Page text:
The Stand by Stephen King
My rating: 3 of 5 stars
Sometimes I finish a book or movie and I am confident in my assessment of its being either good or bad. The perplexing situation is when I come to a novel prepped by other people's opinions and walk away feeling differently. Such was the case with Stephen King's apocalyptic The Stand. The sum total of recommendations and reflections I've received from other King readers over the years led me to believe The Stand is rightly one of his most highly regarded novels. Yet, this story never came close to gripping me the way my favorite, It, did. Why didn't I go for this one?
The easy explanation would be the novel's length. But I like a good epic. The Stand cries out to be a long novel, though perhaps not as long as this uncut version is. Certainly the story's crisis, the near extinction of humankind, merits expansive prose. I suspect part of the novel's popularity comes from its explicit Judeo-Christian motifs. There are other examples of this. Think of the most popular Indiana Jones films. Think of the Dan Brown novel that made the biggest splash. Biblical fare. The Stand also has a nationalistic tone that many would find enticing. But I'm disenchanted with both the Bible and nationalism. So King didn't rope me in with either selling point.
The Stand isn't a bad novel. King plays masterfully with the duality of the plot. He mines Biblical notions of good versus evil, light versus dark, Heaven versus Hell. And over the course of the story he achieves a richness of characterization as various members of the ensemble cross from one side to the other. Some flirt with changing but then hunker down in their rut. Quite like life seen and lived under the influence of Sunday School mythos.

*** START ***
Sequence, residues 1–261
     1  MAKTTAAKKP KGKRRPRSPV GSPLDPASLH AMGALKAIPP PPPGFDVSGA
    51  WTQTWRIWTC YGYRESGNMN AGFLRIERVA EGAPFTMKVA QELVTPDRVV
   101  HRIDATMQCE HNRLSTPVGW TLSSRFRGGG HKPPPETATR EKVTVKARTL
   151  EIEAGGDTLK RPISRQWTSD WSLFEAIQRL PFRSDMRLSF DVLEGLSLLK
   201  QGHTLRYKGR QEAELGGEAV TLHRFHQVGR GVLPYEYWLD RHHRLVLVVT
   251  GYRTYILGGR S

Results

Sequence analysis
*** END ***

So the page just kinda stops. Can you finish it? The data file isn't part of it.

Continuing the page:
King explores a doctrine of two ways for all its worth. My favorite examples are the worldly Larry Underwood and the troubled orphan Harold Lauder. Both take winding routes up onto literal and figurative ridges between good and evil. Sometimes they climb with passion. Sometimes they tiptoe. Sometimes they backslide (and not just toward evil). It's a rich and plausible depiction of humans struggling to adapt, to connect, to be fulfilled. Internal and external forces push or tug (just like the various forces that decide if you end up enjoying a book).
At its best I found The Stand haunting in thoughtful ways. This was especially the case with a trio of characters who are chosen to travel through the Rocky Mountains and spy on behalf of the community we assume is the good side--put another way, the side worth saving. Their story evokes the poignancy that the best of other King works attain. King also proves crafty with his tried and true narrative devices, including the intentional spoiler. Just try and look away, he dares us.
I didn't worry too much for the first half of The Stand. Slow boil I thought. King will hook me any page now. 300 pages from the end I still wasn't gripped. 200 pages out, 100 pages, and I still lacked a special connection. I plowed through, appreciating tidbits, enjoying any given chapter but never feeling immersed.
I can respect those for whom The Stand is their favorite King novel. But like a certain contingent of the gathered protagonists, as the final pages arrived I found myself ready to leave. If a book is a town, this one just ain't mine. Oh it was good to visit--necessary
even--but my heart is calling me somewhere else.
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